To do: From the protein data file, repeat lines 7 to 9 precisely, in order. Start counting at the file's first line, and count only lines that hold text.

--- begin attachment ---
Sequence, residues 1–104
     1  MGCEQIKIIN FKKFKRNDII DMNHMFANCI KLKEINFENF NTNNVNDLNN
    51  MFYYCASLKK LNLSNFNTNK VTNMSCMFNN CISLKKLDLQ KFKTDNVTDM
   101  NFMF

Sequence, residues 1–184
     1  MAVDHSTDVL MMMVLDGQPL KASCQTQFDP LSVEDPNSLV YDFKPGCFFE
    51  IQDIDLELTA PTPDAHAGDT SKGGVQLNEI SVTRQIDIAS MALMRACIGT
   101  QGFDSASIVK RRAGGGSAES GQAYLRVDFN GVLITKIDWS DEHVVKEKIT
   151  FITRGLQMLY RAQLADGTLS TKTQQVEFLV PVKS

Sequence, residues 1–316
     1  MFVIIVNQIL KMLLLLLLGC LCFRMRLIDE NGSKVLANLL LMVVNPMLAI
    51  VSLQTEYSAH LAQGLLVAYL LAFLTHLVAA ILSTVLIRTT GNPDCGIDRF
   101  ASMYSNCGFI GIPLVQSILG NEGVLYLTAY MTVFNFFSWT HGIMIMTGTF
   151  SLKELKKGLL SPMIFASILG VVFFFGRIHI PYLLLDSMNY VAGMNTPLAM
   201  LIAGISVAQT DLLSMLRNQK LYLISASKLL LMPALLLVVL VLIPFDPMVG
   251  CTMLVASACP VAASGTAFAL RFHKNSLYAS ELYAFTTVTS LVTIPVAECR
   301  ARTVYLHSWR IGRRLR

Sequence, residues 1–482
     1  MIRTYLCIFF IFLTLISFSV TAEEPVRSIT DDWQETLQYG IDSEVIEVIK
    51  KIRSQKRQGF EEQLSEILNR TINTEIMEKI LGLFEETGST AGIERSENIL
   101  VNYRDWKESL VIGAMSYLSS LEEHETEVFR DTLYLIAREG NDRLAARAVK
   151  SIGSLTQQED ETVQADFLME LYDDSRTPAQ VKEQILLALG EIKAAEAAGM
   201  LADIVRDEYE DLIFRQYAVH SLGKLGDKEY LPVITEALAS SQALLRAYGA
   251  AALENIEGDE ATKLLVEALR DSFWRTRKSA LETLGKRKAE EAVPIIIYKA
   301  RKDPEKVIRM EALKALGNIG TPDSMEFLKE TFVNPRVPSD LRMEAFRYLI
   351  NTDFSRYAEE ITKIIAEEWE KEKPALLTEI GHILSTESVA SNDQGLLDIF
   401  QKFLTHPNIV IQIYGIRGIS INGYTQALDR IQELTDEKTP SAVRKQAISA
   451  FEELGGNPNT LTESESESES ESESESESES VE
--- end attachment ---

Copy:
    51  IQDIDLELTA PTPDAHAGDT SKGGVQLNEI SVTRQIDIAS MALMRACIGT
   101  QGFDSASIVK RRAGGGSAES GQAYLRVDFN GVLITKIDWS DEHVVKEKIT
   151  FITRGLQMLY RAQLADGTLS TKTQQVEFLV PVKS